Through Mancini’s Spring 2020 diagnosis of stage 3 colon cancer, subsequent 2021 return, runner-up finish in the Home Run Derby, and indignant refusal to go on the IL in September, Baltimore got to know one of its heroes. Trey displayed grace in the face of horrific circumstances. He reached out to others with similar diagnoses and continues to keep in touch with them. He was present and engaged with the fanbase. He played in 147 games after missing the entire 2020 season, never relenting, never giving up on a last place club.
All of this, as the Orioles endured one of the most horrific three-season (discounting the abbreviated 2020) stretches in MLB history at the beginning of the current rebuild. Therein lies one of the most heartbreaking parts of this… Mancini was infallibly loyal. This was his place. He wanted to be here for every part of it, including what came after.
Needless to say, this one hurts.
All that said, Mike Elias was not hired because of his overly sentimental approach to team-building. It would be disingenuous to talk about the concept of trading Trey purely from the sentimental sense. Trey was an emotional leader of this team, and as discussed, it feels like there is some unquantifiable chemistry aspect working in the Orioles’ favor this year. But, with him on the team, Fangraphs projected the Orioles to have just a 5.5% chance at the playoffs. Without him, and with the addition of Kyle Stowers, those odds drop to 4.8%. According to them, this trade only has a 1-in-140 chance of altering whether the Orioles make the playoffs or not.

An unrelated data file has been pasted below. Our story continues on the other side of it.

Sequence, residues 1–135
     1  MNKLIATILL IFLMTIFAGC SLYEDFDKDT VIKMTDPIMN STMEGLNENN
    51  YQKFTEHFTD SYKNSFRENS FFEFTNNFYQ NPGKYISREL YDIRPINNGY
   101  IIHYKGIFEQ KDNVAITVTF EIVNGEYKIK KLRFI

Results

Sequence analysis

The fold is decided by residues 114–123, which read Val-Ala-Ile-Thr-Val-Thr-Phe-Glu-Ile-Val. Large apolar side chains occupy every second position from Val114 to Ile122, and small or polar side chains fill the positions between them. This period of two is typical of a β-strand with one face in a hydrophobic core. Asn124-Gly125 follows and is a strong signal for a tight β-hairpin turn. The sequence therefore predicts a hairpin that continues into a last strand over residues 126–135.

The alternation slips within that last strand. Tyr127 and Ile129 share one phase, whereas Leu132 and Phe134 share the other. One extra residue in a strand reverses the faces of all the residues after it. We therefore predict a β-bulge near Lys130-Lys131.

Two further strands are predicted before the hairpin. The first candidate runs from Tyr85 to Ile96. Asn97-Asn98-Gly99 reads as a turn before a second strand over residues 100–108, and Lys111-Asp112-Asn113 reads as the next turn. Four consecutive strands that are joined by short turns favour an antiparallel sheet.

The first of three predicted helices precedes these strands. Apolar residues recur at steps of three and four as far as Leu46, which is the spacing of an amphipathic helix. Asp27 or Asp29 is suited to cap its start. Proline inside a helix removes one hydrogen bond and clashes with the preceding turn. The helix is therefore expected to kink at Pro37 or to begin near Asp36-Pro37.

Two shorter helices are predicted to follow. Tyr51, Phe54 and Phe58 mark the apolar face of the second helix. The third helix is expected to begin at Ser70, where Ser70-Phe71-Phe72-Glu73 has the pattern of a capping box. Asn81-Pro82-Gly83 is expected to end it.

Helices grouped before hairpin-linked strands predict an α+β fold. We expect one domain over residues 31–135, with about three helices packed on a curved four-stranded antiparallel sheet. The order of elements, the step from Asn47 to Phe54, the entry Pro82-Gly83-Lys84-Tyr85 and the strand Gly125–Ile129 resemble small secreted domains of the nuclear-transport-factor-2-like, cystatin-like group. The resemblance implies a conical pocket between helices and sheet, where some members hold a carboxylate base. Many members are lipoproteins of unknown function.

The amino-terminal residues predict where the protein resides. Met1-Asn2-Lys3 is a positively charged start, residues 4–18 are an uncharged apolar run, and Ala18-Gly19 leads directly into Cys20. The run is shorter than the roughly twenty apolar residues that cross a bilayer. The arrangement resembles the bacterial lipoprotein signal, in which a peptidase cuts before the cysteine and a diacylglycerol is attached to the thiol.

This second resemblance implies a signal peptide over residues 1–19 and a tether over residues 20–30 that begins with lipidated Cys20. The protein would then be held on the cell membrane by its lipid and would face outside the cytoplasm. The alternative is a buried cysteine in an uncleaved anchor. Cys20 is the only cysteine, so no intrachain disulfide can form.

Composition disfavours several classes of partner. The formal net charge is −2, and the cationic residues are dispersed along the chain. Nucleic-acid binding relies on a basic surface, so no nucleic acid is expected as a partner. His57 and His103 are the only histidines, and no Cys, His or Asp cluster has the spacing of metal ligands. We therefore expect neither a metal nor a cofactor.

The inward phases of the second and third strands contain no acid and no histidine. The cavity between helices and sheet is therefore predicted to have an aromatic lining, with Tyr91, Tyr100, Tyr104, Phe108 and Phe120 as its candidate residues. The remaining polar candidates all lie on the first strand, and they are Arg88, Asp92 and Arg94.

(Disclaimer: I’m aware Yusniel Diaz got the call, this is just a thought experiment from the article.)
Mancini has performed reasonably well this year, with a .268/.347/.404 triple-slash, about 14% better than league average by measure of OPS+. However, looking a bit closer, his .751 OPS is just north of league average for a 1B, and significantly south of the league average for a DH (.746 and .851, respectively). He’s on a 2.1fWAR/3.5bWAR pace over 162 games. For context, everyday players in MLB typically average 2-3 WAR. In other words, Trey is an everyday guy. He isn’t a superstar though, and his production can be replaced.